Humminbird uses one crystal in their ICE Series of flashers. I'm going to go out on a limb here and assume that the secondary frequency is being used in the wide beam setting. And that's why the wide beam setting proved to have such difficulty displaying a return for that #12 Gill Pill in 24 foot of water when the MarCum could do so with ease.


The Humminbird Ice 55 is the newest player in the hotly contested flasher niche and bring a larger flat panel display to the market that will almost certainly force MarCum and Vexilar to offer units with larger displays in the near future. The overall quality and durability of the unit seemed to be acceptable, with a few minor reservations regarding the closure of the soft pack and the control knobs. Owners of this unit will find they're able to adapt the way they fish to accomodate the exclusive use of the narrow beam setting in deeper water and use the ICE 55 as a serviceable tool out on the ice. 

What needs attention? In my opinion the user control interface needs to be improved. With that much space available for the placement of user controls shouldn't there be controls dedicated for each function? But the user controls aren't the heart of the problem. The real issue at this time is with the nuts and bolts performance of this unit. Sure, a big flat panel display is nice. But none of that matters if the sensitivity and target separation is compromised. And shouldn't the top unit in a product line that advertises a dual beam transducer offer a dual crystal transducer so the wide beam setting is actually useable at depths where most of us fish, which is to say at depths deeper than 22 feet?

I for one am excited to see where this product goes over the next couple seasons. I'm sure Humminbird will take this year one product back into engineering over the coming summer and address some if not all of the issues anglers will report to them over the ice season. For ice anglers looking for a flasher for use THIS SEASON I can say, without reservation, there's flashers on the market that bring to the table a better combination of performance and features than the Humminbird ICE Series of flashers offers at this time. 

-James Holst


Excellent review in that I think you took the general feel and operation of the unit that we all experienced, and put it into words. 

Another observation I had when testing the ICE-55 was bottom creep and jump. Every so often, bottom would move slowly upwards and back down again, or outright "jump." While this never became overwhelming while I was using it, it did concern me that this was occurring with a new unit out of the box with less than a handful of hours on it. I had not seen this reported yet, so I thought I'd offer my observations.

Also, I was extremely dissatisfied with the "dual-beam." As with James' observations, the dual-beam was truly a single-beam which you had to switch depending upon the depth of water you were fishing. A school of small suspended perch over 26 FOW all but disappeared when switching to the wide cone angle. Ultimately then, I was forced to use the narrow beam under all circumstances we faced, leaving me with less ability and sonar coverage when hole-hopping and searching for fish. 

The larger display was great, but the resolution of the sonar utilized was far from paired with the larger dial. Larger readout is nice, but if I'm forced to choose I take detail and more information every day.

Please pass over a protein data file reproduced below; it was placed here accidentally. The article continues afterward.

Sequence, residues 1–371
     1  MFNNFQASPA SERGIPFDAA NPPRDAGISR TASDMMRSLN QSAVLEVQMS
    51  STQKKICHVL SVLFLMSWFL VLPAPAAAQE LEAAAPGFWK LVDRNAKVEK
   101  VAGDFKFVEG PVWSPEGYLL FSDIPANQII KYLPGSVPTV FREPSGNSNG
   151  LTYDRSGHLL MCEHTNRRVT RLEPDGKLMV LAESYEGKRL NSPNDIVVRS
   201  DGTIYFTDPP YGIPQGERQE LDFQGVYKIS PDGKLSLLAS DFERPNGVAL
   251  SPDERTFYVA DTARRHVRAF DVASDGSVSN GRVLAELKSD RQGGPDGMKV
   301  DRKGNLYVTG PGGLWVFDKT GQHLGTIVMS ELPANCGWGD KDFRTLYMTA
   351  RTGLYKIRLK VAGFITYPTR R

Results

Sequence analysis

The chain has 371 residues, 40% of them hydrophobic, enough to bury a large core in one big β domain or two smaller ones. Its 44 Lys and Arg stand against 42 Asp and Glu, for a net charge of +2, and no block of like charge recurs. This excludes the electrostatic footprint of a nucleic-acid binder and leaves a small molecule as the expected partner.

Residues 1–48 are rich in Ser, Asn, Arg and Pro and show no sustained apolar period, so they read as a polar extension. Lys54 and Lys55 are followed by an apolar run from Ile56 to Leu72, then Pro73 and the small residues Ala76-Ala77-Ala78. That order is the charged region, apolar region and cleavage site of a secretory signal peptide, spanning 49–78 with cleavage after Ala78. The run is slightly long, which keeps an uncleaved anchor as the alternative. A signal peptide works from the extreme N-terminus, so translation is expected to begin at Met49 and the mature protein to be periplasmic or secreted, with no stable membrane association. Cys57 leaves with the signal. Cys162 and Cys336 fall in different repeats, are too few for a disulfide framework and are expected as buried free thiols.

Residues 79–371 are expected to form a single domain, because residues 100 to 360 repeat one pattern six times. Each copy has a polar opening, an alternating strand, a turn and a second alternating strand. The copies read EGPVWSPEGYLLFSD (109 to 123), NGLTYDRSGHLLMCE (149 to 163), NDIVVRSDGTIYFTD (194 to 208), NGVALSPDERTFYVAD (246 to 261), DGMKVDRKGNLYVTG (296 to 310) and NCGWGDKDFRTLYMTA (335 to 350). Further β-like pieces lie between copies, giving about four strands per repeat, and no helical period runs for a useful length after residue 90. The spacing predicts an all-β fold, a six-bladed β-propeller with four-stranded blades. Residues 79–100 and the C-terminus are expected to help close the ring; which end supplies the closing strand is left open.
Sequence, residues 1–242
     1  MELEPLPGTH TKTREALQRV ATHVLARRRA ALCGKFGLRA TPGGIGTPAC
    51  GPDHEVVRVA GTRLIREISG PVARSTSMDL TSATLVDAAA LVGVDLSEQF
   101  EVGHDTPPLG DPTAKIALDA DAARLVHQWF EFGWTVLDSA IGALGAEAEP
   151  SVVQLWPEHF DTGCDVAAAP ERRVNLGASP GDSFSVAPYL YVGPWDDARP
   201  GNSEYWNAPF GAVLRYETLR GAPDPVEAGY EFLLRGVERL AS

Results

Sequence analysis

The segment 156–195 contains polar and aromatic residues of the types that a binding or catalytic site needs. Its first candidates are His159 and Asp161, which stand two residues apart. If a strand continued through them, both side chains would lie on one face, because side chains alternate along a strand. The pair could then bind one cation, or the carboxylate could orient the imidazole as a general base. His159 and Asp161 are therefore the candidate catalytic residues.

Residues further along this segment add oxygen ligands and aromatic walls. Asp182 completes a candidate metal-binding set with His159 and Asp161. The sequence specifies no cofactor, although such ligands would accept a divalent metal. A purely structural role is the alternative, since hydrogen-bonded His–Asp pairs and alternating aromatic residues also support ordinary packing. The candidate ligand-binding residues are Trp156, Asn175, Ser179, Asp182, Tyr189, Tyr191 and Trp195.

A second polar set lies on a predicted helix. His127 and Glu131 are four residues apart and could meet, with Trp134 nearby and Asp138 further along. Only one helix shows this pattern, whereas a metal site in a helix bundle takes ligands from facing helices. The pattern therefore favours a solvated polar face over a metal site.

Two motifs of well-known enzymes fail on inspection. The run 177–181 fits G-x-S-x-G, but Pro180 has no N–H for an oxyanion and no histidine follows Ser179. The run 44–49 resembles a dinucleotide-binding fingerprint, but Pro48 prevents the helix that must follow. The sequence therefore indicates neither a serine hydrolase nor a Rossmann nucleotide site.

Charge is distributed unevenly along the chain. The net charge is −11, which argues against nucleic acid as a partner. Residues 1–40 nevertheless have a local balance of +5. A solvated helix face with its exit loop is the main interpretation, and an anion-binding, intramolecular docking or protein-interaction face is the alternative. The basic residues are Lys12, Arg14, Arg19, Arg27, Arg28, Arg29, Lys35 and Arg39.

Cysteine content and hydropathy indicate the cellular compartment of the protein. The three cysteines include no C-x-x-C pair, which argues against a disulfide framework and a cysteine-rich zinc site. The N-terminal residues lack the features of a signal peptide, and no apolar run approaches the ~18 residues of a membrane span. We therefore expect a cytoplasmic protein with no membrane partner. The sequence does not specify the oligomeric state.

I did find the pink-line which you could move to any part of the water column somewhat useful. However, this bright spot was shadowed by what I felt was overall "fair" performance of the unit at best.

Grade: C+
Pros: Large display, target-line 
Cons: Sensitivity, Dual-beam (single-beam in my book), overall performance
Take-home message: This unit isn't the technological advancement in flashers that it's advertised to be. Feature for feature, the LX-5 outperforms this unit hands-down.


Humminbird Ice 345ci Combo
All in one device offering a built in GPS, depth finder, fish finder and ice flasher/sonar and doubles as a portable smallboat unit.
  • 3.5" color display with Switchfire technology (Max mode and Clear mode). Max mode offers the user to see even the smallest objects, thermoclines, water currents, algae etc. The Clear mode displays only fish and structure, great for shallow or rough water and for sifting through undesired clutter 
  • Built in GPS Map which offers 3000 waypoints and 50 routes, 20,000 track points. The unit comes with a preloaded UNIMAP offering maps for hundreds of thousands of lakes and rivers
  • Dual beam transducer: 20 and 60 degree cone with a maximum range of 1,000 foot depth. The Dualbeam PLUS technology allows the user to blend both 20 and 60 degree cones into one display for optimum performance
  • 4 level interference (noise) rejection: medium, high 1, high 2, high 3
  • 20 levels of sensitivity
  • 2.5" target seperation
  • 2400 watts peak to peak power
  • SD card slot for added memory storage
  • Has a bracket to connect to an ATV or snowmobile
  • soft sided carry case
  • Includes backlight
  • Includes 12V, 7A gel cell battery with battery charger
Approximate Retail Price ( $899.99 new
Check out the video on the Humminbird Ice

Lowrance X-67c Ice Machine
  • 3.5"  diagonal 256-color display
  • Built in Ice flasher mode which can be split screened and zoomed with the fishfinder display
  • 1/4 VGA active matrix TFT transflective LCD that optimizes cold climate performance
  • 320x240 (h x w) pixel resolution
  • White LED backlighting for the screen and keypad in night or low-light viewing
  • Water-repellent, softpack nylon bag
  • Swing-out, ice hole transducer bracket
  • Depth to 600`
  • 800 watts peak-to-peak power
  • New full-screen and split-zoom color LCD flasher display with COLORLINE™
  • Battery Status Indicator displays continuous readouts of battery life
  • FishReveal™ feature exposes fish targets hidden in cover
  • HyperScroll™ displays fish targets at higher boat speeds
  • Selective on/off Advanced Fish Symbol I.D.
  • Selective on/off FishTrack
  • Shallow/Deep/Fish alarms
  • Special 200 kHz bullet shaped transducer produces up to 60° of coverage area using high sensitivity
  • Also accepts other Lowrance transducer options for versatile, all-season portable fishfinder
  • Includes 12V, 7A battery and battery charger
Approximate Retail Price ( $299.99 new
Check out the video on the Lowrance x67c